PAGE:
OK, back? All righty, then.
I shared that link with a friend recently. This is a woman who’s extremely well-known in her field, who works with a lot of life coaches. Life coaches are her peeps. She speaks their language. They speak hers. Whatever. She gets them. She had them at “Hello, world!”
I respect the hell out of this friend. She’s someone worthy of respect, basically, so her opinion does matter to me.
So, when she hemmed and hawed after I asked her what she thought about HMAW, my heart fell.
It’s … kind of angry, she said.
That picture of the woman and man yelling at each other, she mused.
And the “awful” thing … I just don’t know, she sighed.
But, but, but … I sputtered. The copy! It’s funny. We’re not really calling anyone’s site “awful.” Did you read the copy?
Uh, yes. Of course she did.
She just didn’t like it.
Well, if that won’t knock the wind out of your sails …
That’s when it hit me — my friend’s peeps are not the HMAW peeps.
Life coaches are much more likely to embrace a more touchy-feely, warm-and-fuzzy, strictly-positive persona than … well, what Nick and I are like. See, Nick and I have a lot in common. We’re both Star Trek nuts. We both have a tendency towards spicy language on occasion. We’re both dry wits. We tend towards sass, more than class. That feeds into our joint venture — it has to, when you’re talking about marketing a service.
And while a crap-ton of folks from all sorts of industries and professions might be interested in our service — professional, expert reviews of business websites from both the male and female POV — our service is not meant for folks from all industries and professions.
The people who’ll get turned off by a word like “awful” and that picture of the woman and man yelling at each other are not our targets. Our targets are folks who respond positively to our sassy, slightly sarcastic (but never mean or unkind) style.
That’s an example of marketing to a quirk of psychographics as opposed to the quirk of habit as in the Maxwell House example.
The lesson here?
Aim your offerings not only at a certain demographic
but at a defined psychographic if you want to work
only with people who respond positively to your personality and personal style.
Quirkology Case Study #3: Trauma Dolls and the Anti-Anti-Prescription-Pain-Meds Crowd
OK, one last case study in quirkology marketing before we call this post done, and again it’s a personal one for me: my chronic pain website Trauma Dolls.
About a month back, a friend of mine who’s a certain kind of coach, appealing very much to the New Age crowd, was asking me if I had any recommendations for websites that might be a good guest-posting opportunity for her.
Immediately, I thought of Trauma Dolls. But I wasn’t too sure. There was some nexus there – folks in chronic pain often are open-minded about new and alternative therapies, and so I decided to go ahead and share the link with her.
In sharing it, though, as I realized later, I didn’t quite make it clear that the site was mine.
So, she took a look, and came back to the conversation with a very strange impression, in my view. She said it turned her off – she mentioned “the language of victimization” – she mentioned an image of a broken doll – she mentioned the first line of the most recent post at that time, which started off “I’m about to make you very angry” – why would anyone want to be angry?
I was stunned. Anyone who’s read that site for any length of time knows victimization is exactly the opposite of what it’s about. That broken doll image? Had a caption reading “Put yourself back together.” That “angry” post? Was about two women who had DIED because their pain wasn’t taken seriously – anger was appropriate!
So, I gathered my courage, and wrote to her. And as I was composing my response to these points, something odd happened.
Because suddenly I got it.
My New Age, crystal-loving coach friend was so not my targeted peep for Trauma Dolls.
And it sounds odd, but I’d never really considered the question before of what, exactly, were the psychographics for the Trauma Doll site? It never came up because Trauma Dolls isn’t a money-making venture for me. It has nothing to do with business. Ergo, marketing the site wasn’t ever really a concern for me, so I never thought about the site in those terms.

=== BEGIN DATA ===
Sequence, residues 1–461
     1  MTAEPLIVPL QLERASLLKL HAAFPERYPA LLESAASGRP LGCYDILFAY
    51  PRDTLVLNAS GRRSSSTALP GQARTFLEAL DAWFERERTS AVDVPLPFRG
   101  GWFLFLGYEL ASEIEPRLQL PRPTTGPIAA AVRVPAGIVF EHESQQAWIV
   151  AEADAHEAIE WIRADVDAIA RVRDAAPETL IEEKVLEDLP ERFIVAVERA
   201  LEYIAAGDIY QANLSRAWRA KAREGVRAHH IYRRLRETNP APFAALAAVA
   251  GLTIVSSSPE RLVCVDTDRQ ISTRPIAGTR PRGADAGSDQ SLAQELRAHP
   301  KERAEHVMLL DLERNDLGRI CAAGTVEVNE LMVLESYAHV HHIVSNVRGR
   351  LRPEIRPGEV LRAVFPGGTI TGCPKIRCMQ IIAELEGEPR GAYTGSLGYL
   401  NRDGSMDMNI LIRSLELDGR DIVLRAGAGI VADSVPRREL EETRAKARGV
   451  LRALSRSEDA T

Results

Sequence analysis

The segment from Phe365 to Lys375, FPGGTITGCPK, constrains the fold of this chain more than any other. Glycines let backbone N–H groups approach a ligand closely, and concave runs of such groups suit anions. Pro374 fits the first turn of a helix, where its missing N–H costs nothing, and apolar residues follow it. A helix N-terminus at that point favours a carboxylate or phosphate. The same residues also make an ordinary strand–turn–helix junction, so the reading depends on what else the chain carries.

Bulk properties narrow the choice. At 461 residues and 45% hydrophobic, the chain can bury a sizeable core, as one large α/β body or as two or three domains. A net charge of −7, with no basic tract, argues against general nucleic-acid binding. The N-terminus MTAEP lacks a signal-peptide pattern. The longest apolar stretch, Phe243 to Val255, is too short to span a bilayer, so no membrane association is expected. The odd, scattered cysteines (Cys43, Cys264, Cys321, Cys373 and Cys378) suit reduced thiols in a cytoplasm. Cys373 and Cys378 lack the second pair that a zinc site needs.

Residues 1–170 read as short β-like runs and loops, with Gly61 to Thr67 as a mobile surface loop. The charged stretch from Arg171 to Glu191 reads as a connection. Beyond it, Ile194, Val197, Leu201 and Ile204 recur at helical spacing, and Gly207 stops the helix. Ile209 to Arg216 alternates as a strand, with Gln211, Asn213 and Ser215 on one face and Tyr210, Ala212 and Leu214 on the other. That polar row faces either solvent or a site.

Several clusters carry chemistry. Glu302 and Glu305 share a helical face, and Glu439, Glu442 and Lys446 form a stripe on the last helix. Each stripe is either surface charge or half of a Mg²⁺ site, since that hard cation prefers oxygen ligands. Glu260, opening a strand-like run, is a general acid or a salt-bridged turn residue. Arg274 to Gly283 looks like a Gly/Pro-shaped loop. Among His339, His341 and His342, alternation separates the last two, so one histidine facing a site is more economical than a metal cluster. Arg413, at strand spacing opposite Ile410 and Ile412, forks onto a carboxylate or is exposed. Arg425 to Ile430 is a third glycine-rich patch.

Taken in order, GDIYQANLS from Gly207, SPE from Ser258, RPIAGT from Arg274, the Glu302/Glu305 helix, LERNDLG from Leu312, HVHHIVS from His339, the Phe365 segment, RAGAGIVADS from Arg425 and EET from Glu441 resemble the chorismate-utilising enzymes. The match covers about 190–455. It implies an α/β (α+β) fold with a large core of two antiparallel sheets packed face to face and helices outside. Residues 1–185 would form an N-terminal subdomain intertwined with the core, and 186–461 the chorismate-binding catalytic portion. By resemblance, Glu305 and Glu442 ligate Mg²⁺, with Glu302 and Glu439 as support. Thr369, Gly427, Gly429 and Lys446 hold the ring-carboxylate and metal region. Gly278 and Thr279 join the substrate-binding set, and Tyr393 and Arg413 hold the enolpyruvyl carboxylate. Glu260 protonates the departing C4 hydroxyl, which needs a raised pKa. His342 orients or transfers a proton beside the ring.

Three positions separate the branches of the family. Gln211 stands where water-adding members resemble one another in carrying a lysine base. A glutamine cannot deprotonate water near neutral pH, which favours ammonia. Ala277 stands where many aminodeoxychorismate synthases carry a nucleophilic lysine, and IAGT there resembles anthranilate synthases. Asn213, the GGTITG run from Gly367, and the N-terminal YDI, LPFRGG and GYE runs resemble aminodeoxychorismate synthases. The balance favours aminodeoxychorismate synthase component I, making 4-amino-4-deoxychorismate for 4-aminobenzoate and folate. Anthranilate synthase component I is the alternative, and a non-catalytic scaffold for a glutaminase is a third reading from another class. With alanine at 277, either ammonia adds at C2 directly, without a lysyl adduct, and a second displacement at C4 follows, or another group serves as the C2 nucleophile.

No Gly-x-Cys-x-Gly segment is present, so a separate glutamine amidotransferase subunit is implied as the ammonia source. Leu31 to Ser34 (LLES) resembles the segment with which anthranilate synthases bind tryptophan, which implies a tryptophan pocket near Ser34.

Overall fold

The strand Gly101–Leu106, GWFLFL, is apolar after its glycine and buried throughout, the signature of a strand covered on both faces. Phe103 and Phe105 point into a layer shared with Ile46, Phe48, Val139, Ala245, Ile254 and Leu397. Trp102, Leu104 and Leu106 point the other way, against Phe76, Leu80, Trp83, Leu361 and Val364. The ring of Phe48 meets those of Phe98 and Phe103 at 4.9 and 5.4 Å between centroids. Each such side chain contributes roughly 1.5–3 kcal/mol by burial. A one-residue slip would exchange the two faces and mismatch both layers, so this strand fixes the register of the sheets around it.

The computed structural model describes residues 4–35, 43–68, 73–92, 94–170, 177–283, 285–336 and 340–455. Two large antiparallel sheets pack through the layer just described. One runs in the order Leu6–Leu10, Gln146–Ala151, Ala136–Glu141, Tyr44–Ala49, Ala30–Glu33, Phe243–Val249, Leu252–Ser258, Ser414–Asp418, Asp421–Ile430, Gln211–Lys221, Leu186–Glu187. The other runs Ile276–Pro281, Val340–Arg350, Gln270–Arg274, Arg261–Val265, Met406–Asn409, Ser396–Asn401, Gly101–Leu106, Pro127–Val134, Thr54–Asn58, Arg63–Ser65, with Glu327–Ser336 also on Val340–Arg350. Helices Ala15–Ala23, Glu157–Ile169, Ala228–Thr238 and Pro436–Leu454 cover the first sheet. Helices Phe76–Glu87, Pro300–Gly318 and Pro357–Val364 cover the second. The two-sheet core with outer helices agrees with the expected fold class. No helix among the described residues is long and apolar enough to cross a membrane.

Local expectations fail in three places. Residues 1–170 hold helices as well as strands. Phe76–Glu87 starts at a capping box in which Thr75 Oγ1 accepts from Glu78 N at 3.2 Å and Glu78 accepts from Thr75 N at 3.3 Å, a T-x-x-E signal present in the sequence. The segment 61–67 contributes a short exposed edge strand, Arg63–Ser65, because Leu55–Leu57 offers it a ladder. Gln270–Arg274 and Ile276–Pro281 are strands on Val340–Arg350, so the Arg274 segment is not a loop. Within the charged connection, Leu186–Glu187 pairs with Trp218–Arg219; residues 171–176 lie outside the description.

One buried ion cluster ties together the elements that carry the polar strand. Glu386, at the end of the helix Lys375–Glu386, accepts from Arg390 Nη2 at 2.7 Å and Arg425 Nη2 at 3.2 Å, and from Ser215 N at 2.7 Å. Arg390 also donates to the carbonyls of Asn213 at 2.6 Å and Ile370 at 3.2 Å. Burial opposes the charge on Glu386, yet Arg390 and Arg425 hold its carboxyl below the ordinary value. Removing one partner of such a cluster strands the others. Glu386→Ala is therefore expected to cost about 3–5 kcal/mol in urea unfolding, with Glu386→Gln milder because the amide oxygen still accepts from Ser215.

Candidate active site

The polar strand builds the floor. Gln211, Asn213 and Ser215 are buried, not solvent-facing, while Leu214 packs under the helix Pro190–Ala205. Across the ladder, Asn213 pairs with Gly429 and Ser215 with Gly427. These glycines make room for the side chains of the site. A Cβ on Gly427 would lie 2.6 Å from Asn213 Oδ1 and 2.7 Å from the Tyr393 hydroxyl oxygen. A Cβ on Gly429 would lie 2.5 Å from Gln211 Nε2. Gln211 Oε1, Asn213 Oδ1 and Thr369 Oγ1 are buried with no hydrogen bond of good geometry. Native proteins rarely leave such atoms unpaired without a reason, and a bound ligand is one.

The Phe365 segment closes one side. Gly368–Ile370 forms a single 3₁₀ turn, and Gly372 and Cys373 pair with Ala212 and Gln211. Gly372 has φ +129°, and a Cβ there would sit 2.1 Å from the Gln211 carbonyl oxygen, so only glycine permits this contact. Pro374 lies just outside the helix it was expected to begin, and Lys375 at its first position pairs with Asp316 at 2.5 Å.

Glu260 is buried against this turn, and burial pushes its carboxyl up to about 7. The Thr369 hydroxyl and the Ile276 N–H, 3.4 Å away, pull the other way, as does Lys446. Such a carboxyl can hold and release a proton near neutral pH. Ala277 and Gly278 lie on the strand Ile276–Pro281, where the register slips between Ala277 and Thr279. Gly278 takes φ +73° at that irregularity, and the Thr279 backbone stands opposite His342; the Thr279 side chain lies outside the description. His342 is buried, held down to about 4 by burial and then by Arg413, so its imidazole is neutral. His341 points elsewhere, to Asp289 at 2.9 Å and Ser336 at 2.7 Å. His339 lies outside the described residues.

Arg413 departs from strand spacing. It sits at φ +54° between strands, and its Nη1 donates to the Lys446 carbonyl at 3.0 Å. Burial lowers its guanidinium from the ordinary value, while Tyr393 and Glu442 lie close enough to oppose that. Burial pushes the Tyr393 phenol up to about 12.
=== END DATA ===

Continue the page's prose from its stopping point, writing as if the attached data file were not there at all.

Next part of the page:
But even so, psychographics and quirks are at play. Who reads Trauma Dolls? Anyone who has a chronic pain condition and gets one of the articles on that site in the Google SERPs. Anyone who gets a link forwarded from a concerned friend or family member.
But who comes back to read Trauma Dolls over and over? That’s a very different question, and a very different answer.
Once I finally started asking this question and doing a little digging around, I found out that the TD readers do, indeed, fit a particular psychographic profile: they’re the chronic pain patients who have felt marginalized and discounted by the medical profession, who do not embrace the alternative medicine field and completely reject the whole “traditional medicine” field, especially the prospect of prescription pain meds. They’re the chronically pained peeps who aren’t afraid to get angry, who use their anger to lobby and educate and push for reforms in the way the medical profession treats us, and the legal profession and justice system treat the medical profession.
They are the opposite of the crystal lovers.
That’s not to say the crystal lovers are bad, or silly, or wrong. They’re just not TD peeps.
And that? Is more than OK. It’s awesome. Because now I know that, I can let that knowledge infuse future content and website revisions. I can more carefully target the right peeps with the right quirks. (“Right” not in the sense that anyone else is wrong – right as in “the right fit.”)
The lesson here?
Even a bad review from someone who’s completely outside
your targeted readership can help you tremendously
by drawing clearer boundaries around the folks
who are your targets.
Takeaways on Quirkology Marketing
So what can you take away from this post in marketing your own small biz on the web?
- Know your quirks. List ’em out, just like I did. Get comfy with them. Own them.
- Figure out your business’s quirk zone. That is, understand where the nexus lies between your quirks and your targeted market’s quirks. That nexus — those points of connection, the quirks you share — this is the stuff you need to infuse throughout all your marketing content and across all your digital channels (Twitter, LinkedIn, Facebook, your blog, everywhere).
- Don’t be afraid to take a stand. You don’t have to be confrontational or mock those who lie outside the quirk zone the way Maxwell House did, but have the courage to state a controversial opinion and back it up from time to time. That kind of content speaks to your targets on a deep emotional level, and that’s the level you need to connect at if you want to convert casual readers into fervent fans.